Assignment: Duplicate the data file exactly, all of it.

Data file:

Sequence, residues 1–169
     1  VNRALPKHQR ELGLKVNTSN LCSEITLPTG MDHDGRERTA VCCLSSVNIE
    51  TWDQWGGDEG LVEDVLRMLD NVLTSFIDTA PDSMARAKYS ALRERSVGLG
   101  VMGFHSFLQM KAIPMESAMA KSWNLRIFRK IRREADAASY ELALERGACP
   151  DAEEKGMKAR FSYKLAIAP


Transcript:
Sequence, residues 1–169
     1  VNRALPKHQR ELGLKVNTSN LCSEITLPTG MDHDGRERTA VCCLSSVNIE
    51  TWDQWGGDEG LVEDVLRMLD NVLTSFIDTA PDSMARAKYS ALRERSVGLG
   101  VMGFHSFLQM KAIPMESAMA KSWNLRIFRK IRREADAASY ELALERGACP
   151  DAEEKGMKAR FSYKLAIAP